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ANALOG & MIXED SIGNAL equivalent to about 100 lines of standard C code written for common 8 and 16-bit MCUs. As the name implies an ASM has no clock and is event driven, which means that when there are no events, the ASM stays in one state and consumes no static power. Thus, applications with limited input cycles can operate at leakage current power consumption well in to the single digit nanoamps of average current consumption at room temperature. Handing embedded control problems Typical embedded control problems usually involve a system that is transitioning through a set of discrete states based on asynchronous external inputs. ASMs are the natural problem solver for this. Silego has revived and modernized the ASM, mitigating the well-known hazard and race conditions, the programming/configuration headaches, while retaining all the inherent low-power, low-latency benefits for simple (up to 8 states) embedded control problems that would require less than 100 lines of code. Over kill microcontrollers v. CMIC ASM value Microcontrollers contain a processor, program code, stack memory, and various peripherals. Microcontrollers can easily perform the application examples above but are inefficient in size and power. It is quite common to find MCUs designed into applications where less than 1% of the MCU horsepower will ever be used. A device such as a CMIC’s ASM is well suited to simple embedded control applications, especially ultra-lower power applications. Interrupt latency down to nanoseconds Designing a state machine on a microcontroller is typically done in software running on the microcontroller core. In this case, the states are implemented as points in the software instruction The GreenPack CMIC block diagram. execution, and state transitions are implemented with conditional software branching. Microcontrollers have the capability to also process asynchronous inputs, and they do this through dedicated interrupt controller hardware, and through interrupt service routines (ISRs). The ISR is software that is run after a hardware interrupt has been activated. An important benchmark for microcontrollers is how short the time from an external interrupt signal is until the core is executing the first instruction of the ISR, the so-called interrupt latency. MCU interrupt latency in general purpose devices is usually measured in fast examples at around 5 to 10 microseconds. An ASM equivalent of interrupt latency is measured in nanoseconds Silego Technology’s GreenPAK Designer development software. – equivalent to the unclocked time of flight through the few gates between an external pin and the internal ASM input. The ASM has latency from one state to the next. If the CMIC is operating at a 5V power supply, the latency is a maximum of 50ns. Yes, ASMs are extremely fast and extremely low power. VDD variation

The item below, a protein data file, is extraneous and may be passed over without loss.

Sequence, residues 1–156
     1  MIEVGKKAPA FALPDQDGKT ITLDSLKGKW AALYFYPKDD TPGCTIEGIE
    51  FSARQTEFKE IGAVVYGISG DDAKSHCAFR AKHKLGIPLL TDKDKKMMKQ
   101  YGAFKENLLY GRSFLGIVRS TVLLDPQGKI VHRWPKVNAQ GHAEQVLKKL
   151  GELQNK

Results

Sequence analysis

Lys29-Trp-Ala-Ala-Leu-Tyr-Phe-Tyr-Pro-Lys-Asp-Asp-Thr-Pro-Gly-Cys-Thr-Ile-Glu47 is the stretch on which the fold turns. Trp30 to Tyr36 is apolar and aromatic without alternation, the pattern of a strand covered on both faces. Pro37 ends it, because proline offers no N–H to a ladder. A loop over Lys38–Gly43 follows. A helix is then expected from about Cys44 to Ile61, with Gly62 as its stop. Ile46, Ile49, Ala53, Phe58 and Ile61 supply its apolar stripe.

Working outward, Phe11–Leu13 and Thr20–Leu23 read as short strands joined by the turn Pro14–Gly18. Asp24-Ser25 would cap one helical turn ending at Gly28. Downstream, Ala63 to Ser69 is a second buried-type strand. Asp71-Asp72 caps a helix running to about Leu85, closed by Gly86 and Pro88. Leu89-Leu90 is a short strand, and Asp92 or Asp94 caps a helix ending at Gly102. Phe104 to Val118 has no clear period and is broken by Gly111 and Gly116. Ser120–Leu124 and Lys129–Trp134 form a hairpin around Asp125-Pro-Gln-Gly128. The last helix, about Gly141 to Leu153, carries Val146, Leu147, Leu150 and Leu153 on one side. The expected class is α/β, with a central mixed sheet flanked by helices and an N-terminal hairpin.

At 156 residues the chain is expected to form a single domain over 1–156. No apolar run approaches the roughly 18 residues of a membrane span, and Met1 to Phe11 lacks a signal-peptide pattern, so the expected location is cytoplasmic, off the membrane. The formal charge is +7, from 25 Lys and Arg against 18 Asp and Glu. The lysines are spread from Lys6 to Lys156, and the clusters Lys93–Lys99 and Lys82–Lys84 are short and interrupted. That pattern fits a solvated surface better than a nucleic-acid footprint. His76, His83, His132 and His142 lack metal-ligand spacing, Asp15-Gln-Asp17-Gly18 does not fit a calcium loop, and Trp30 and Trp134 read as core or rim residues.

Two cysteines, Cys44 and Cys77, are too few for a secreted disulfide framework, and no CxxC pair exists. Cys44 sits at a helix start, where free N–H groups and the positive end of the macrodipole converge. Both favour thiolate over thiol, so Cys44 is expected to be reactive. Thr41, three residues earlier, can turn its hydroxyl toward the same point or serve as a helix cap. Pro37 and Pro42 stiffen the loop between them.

A CMIC ASM works over a wide voltage range. A properly designed ASM is guaranteed hazard and race condition free because each ASM signal path is guaranteed by signal length and gate count. Thus, as the VDD changes, so does the propagation delay. However, the propagation delays are all matched and thus performance is guaranteed. Microcontrollers, on the other hand, are clocked with signals that are not correlated well with VDD. As the VDD changes, the MCU propagation delays change and since the timing doesn’t change, the timing margins are soon compromised. Chip designs react to these design hazards but putting the MCU under a voltage regulator or requiring still more performance to be lost by slowing the clock speed. However, the voltage regulator consumes power, and the slower clock speed increases interrupt latency. Crash versus no crash Design and system flaws can cause a microcontroller to crash. Poorly written software, timing issues, miscalculations of interrupt latency, running out of stack memory, memory leakages, and accidental writes in program memory are some common pitfalls that cause MCUs to crash. Silego’s ASM is configured in hardware with NVM bits, has no timing issues, latency measured in nanosecond, no stack memory, no ability for memory leakage, and no ability to unintentionally over write program memory, and is therefore inherently more robust with VDD noise and brownouts. No code GUI based tools versus typical MCU tools A CMIC ASM is configured using the GreenPAK Designer development environment. The software appears to be a schematic capture editor instead of a coding tool. Most state machine designs can be implemented in a matter of minutes reducing the typical MCU tool learning curve from months to Silego’s GPAK learning curve of a few days. In summary, a tiny CMIC with a 8 state ASM can take on a variety of embedded control applications that would formerly have been the exclusive domain of microcontrollers. The easily configured ASM brings key advantages of ultra-fast state transitions, leakage level static current consumption, robust design, and supply voltage tolerance so important in IoT, portable, mobile and embedded applications. In addition, CMICs offer many benefits that will make embedded designers’ work easier and their products more profitable. They are the ideal solution because board space is tight and needs to be maximized to save space for other valuable functions (such as a bigger battery). They also make procurement happy by saving significantly over traditional analog and discrete while dramatically reducing the risk and stress involved. www.electronics-eetimes.com Electronic Engineering Times Europe March 2017 27


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